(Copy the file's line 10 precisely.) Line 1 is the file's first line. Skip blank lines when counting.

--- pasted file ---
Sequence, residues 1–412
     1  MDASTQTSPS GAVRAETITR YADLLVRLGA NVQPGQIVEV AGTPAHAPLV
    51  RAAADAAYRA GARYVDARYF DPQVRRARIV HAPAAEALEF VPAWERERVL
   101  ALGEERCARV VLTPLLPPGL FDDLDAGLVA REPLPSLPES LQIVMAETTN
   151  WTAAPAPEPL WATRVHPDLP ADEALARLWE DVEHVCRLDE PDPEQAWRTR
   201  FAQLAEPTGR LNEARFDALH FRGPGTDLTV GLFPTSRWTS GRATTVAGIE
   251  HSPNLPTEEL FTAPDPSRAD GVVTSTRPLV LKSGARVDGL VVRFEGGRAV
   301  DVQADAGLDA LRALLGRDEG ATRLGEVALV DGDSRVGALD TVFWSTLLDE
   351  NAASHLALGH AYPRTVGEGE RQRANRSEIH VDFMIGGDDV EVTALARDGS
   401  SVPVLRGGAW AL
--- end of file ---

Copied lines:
   401  SVPVLRGGAW AL